Tuesday, 8 March 2016
Turkey allowing terrorists to pass freely but shooting at refugees
Turkish guards routinely shoot at Syrian refugees stranded at the border, a researcher at Amnesty International has told RT, adding that the number of people being shot has recently spiked. According to Andrew Gardner, these cases are far from being isolated.
“There have been many reports of incidents on the border. We collected information on this as early as 2014, when we received many reports of people being shot when they were trying to cross the border irregularly,” Gardner said.
He added that the current situation in war-torn Syria has led to a spike in the number of migrants being assaulted by Turkish border guards.
“Now, the information we received via Syria doctors is that there are reports of two or three people being shot every day trying to cross the border irregularly,” he said.
The researcher also stated that the plight of refugees in Syria has driven many of them into the “hands of smugglers,” or forced them to cross the border at night. According to Gardner, Turkish guards fire shots at refugees based on what they say are safety measures.
“What the Turkish parties have told us is that they don’t know who these people are, that people could be members of armed groups, they could be smugglers,” he said.
Gardner added that the only way to resolve the problem of the migrant flow was to make legal crossing points for refugees on the border with Turkey, and said Ankara “should not have to hold the responsibility for hosting refugees alone.” To alleviate the issue, the researcher urged EU members to accept bigger migrant quotas and advised Russia to accept more refugees from neighboring countries.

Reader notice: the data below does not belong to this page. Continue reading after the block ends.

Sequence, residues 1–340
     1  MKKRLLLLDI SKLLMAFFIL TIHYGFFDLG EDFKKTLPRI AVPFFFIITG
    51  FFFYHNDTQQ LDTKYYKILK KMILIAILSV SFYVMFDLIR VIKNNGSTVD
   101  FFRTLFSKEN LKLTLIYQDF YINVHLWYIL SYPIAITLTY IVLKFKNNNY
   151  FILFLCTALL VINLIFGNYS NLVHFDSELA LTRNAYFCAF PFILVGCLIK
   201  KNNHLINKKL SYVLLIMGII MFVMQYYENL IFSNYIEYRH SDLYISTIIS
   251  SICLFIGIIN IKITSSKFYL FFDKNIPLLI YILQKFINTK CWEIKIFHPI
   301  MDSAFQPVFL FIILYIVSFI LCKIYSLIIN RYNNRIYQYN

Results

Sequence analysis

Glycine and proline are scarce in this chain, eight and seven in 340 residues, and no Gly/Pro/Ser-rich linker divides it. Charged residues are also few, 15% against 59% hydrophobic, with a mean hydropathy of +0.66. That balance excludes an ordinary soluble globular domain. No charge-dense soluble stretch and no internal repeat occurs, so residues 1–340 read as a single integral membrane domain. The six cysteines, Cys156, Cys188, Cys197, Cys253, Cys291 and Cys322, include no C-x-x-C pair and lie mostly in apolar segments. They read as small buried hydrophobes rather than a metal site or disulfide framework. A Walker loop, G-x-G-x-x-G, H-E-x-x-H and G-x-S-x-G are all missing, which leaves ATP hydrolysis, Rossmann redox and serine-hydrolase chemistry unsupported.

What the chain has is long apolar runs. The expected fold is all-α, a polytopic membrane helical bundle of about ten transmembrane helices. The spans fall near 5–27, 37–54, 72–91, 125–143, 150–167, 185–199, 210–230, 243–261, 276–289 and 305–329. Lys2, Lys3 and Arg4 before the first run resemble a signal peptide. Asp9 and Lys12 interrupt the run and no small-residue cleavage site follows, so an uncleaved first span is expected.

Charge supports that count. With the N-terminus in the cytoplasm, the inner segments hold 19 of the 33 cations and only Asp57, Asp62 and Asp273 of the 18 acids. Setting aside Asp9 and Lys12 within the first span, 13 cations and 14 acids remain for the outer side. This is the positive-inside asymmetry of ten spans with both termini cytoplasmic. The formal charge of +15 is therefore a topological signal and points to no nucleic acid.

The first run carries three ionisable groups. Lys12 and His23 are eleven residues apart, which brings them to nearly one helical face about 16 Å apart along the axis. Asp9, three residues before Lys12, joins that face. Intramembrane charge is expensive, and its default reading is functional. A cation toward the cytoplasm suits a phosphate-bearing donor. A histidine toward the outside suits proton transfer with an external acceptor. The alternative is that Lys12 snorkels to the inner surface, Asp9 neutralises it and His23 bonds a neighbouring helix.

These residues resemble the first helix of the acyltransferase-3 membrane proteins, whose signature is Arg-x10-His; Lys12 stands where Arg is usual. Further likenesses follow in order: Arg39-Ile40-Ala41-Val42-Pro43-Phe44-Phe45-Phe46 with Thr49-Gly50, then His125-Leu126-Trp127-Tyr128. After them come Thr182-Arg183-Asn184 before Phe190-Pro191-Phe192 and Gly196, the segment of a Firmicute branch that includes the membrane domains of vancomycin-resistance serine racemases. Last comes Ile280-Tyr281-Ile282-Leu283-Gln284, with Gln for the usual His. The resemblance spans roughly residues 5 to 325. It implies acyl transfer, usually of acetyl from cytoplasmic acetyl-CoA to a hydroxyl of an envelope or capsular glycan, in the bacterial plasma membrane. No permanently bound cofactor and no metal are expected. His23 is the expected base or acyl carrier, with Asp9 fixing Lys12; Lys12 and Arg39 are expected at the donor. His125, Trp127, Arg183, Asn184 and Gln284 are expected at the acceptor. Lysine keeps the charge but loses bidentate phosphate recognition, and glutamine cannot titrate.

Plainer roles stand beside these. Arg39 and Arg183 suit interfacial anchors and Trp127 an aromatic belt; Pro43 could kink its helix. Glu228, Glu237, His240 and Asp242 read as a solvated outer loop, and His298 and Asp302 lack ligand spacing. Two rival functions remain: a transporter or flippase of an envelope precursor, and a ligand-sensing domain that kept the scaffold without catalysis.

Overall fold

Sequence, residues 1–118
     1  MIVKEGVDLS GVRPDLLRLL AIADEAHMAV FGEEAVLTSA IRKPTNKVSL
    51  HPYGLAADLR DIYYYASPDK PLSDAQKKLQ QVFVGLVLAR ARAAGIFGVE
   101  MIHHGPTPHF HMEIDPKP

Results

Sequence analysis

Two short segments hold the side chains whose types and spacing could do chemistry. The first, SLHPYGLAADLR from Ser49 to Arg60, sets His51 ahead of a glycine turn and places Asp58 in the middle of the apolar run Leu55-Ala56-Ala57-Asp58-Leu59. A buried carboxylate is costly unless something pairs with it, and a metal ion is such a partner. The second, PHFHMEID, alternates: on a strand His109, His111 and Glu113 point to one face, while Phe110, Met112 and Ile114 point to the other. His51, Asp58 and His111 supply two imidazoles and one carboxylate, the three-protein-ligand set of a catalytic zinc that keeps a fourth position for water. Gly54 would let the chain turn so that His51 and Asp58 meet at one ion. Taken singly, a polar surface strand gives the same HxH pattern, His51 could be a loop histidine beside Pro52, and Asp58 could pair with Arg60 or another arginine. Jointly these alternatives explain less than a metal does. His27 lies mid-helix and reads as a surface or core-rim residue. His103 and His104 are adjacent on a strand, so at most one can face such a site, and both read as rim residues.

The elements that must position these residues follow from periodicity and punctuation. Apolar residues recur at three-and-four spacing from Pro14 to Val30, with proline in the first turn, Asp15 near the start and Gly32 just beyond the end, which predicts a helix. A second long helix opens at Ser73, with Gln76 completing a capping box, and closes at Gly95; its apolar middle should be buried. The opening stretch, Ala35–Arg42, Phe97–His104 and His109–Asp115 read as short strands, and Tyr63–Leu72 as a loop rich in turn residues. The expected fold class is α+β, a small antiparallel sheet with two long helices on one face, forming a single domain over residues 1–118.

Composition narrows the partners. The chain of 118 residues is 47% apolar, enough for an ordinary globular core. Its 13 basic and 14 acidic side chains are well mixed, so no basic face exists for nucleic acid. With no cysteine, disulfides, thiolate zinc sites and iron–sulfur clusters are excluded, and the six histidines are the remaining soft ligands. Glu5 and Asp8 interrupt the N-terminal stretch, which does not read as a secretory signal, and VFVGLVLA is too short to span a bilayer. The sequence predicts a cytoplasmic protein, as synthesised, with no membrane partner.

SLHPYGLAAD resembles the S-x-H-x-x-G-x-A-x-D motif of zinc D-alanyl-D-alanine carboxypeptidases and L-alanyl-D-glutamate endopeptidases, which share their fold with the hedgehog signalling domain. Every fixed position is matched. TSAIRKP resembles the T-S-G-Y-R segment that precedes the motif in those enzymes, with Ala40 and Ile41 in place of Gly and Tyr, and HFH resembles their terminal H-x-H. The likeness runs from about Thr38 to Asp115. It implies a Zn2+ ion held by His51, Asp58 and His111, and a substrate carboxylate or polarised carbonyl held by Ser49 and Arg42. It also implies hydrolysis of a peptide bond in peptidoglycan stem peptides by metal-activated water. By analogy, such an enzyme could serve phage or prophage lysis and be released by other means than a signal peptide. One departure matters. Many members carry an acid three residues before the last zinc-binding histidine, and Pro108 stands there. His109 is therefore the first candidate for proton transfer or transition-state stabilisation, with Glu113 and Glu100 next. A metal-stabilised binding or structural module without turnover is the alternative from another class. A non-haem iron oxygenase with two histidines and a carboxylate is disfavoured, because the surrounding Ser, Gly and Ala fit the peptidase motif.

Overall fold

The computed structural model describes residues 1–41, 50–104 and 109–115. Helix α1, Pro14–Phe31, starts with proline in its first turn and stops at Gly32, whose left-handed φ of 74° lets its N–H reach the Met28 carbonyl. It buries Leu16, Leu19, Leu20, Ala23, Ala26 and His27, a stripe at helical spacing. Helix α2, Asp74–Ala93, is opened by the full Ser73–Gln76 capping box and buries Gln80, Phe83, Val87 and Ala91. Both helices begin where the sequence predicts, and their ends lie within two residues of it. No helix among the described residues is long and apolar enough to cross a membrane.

Late on Monday, Turkey and the EU struck a “game-changing” deal on resolving the refugee crisis in Europe. EU leaders agreed in principle to an Ankara-proposed plan to deport illegal migrants from Greece to Turkey while resettling the same number of Syrian refugees in the EU. In return, EU leaders promised Ankara an additional €3 billion (US$3.3 billion), hinting that further funding, as well as a speedy decision on a visa-free regime, could be expected. Ankara was reminded, however, that it would have to observe all 72 requirements to enjoy such a regime.
Turkey has stepped up its border security amid pressure from the US, following the November terror attacks in Paris. The US urged Ankara to close its border with Syria to halt the number of fighters seeking to join terrorist groups fighting there.
Damascus has accused Ankara of facilitating the cross-border movement of jihadists, while Moscow has directly accused the family of President Recep Tayyip Erdogan of backing the illegal oil trade with Islamic State (IS, ISIS/ISIL) that involves Syrian and Iraqi oil being smuggling across the Turkish border.
Turkey is said to be hosting more than 2.5 million Syrian refugees.
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